Chennai Metro Rail, much like its counterparts in other Indian cities, has made its first solar moves.
Chennai Metro Rail, a joint venture of the Union government and the state government of Tamil Nadu which currently operates two stretches, the Green and Blue lines, has started on its renewable journey with the commissioning of its 410 KWp plant at its Koyambedu depot. Under its objective to achieve energy security and reduce carbon energy, CMRL is also close to commissioning a further 5.5 MWp of solar power plants atop it’s elevated and underground metro stations and premises of its administrative office.
Sourcing it’s energy demands from renewable sources is important to the city metro service’s financial health as it needs electricity for lighting and escalators, air-conditioning etc at its stations, besidess the actual rakes of course. Energy costs typically make up 30 per cent of the entire operation costs. With the installation of solar panels across most of its premises, CMRL is hoping to save ₹75 lakh a year through purchase and consumption of solar power.
“Currently, CMRL is producing 2.1 Mega Watt peak (MWp) of solar power. By the end of the current financial year, the organisation hopes to generate 4.5 MWp,” said S Pandian, PR, CMRL.
All the solar power panels are being installed at a zero upfront installment cost to the organisation based on Cleanmax solars ‘energy sale” model, similar to the ‘opex’ model prevalent in the sector. Under its energy sale model the Bengaluru based solar solutions firm installs the solar power panels with its own investments at the customers’ premises. It will then sell the power that is produced to Chennai Metro at a cost that is lower compared to what it would have to pay the Tamil Nadu Electricity Board.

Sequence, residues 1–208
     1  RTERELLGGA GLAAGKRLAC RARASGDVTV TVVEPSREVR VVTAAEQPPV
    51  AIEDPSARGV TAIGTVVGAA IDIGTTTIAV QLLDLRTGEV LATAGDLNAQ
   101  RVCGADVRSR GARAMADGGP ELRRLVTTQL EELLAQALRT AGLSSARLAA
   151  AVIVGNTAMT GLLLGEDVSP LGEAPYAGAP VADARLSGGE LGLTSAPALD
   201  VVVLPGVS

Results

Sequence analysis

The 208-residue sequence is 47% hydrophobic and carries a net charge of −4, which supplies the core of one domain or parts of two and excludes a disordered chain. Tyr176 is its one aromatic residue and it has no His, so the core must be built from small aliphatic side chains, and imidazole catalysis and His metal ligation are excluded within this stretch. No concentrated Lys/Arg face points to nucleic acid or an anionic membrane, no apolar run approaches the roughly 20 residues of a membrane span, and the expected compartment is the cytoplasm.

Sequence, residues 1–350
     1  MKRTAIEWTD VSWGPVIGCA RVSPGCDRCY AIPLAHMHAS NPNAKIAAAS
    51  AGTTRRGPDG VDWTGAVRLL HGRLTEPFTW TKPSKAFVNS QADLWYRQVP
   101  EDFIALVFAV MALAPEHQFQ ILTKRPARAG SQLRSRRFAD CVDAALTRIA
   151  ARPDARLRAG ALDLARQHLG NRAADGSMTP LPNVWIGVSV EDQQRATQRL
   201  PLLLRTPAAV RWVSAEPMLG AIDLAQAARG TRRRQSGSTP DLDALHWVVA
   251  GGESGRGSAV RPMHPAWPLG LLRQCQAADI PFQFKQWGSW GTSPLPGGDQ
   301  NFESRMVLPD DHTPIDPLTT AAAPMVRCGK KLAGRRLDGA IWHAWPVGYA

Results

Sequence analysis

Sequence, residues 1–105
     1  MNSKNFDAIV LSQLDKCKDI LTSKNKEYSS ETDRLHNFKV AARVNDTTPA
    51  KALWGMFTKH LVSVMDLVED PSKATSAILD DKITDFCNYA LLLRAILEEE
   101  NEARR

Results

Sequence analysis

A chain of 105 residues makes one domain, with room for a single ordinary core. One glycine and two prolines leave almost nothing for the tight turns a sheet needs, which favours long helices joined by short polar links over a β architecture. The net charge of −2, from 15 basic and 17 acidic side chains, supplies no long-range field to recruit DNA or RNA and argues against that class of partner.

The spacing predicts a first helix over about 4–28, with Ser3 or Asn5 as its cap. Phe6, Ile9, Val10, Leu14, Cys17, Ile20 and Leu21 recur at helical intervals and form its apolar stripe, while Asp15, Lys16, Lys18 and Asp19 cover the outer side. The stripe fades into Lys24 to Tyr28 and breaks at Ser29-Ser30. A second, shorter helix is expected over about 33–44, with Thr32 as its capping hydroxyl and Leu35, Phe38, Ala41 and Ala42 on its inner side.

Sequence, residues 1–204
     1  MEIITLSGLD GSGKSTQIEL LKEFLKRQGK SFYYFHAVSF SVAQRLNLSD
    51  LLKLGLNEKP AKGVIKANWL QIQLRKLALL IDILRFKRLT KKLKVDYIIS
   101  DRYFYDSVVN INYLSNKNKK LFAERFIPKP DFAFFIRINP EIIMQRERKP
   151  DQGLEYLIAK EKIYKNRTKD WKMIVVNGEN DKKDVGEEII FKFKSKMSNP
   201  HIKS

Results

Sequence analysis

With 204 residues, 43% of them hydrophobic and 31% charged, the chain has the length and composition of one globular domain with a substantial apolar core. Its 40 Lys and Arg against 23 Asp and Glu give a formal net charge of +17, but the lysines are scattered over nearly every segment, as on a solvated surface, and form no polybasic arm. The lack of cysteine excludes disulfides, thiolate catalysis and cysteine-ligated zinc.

The business model of CleanMax Solar has come in handy for CMRL to not invest any money upfront for the solar panel installations that will be increased to a generation capacity of around 6 MWp with the upcoming metro stations. CleanMax believe that CMRL could save nearly ₹1.5 crore a year, thanks to its business model as it will bring down the Rs 8 per unit of electricity CMRL is paying Tamil Nadu Generation and Distribution Corporation to ₹3.50 per unit with renewable power purchase.
CleanMax which is in charge of installation as well as O&M, CMRL also saves costs on maintenance with plans to generate close to 20 MWp of power according to the centre’s target.
Interestingly, for Indian metro operators, solar will hopefully be an unfolding long term opportunity, since most have gone in for large elevated sections for their routes, which have, in their own way, done significant damage to city aesthetics, environment and greenery too. Adding solar energy generation is the least the operators can do to compensate for the damage caused, especially to city greenery. In almost every case, the reason for elevated corridors has been cost reductions, though experts are finally beginning to question these, as the ramifications have become clearer.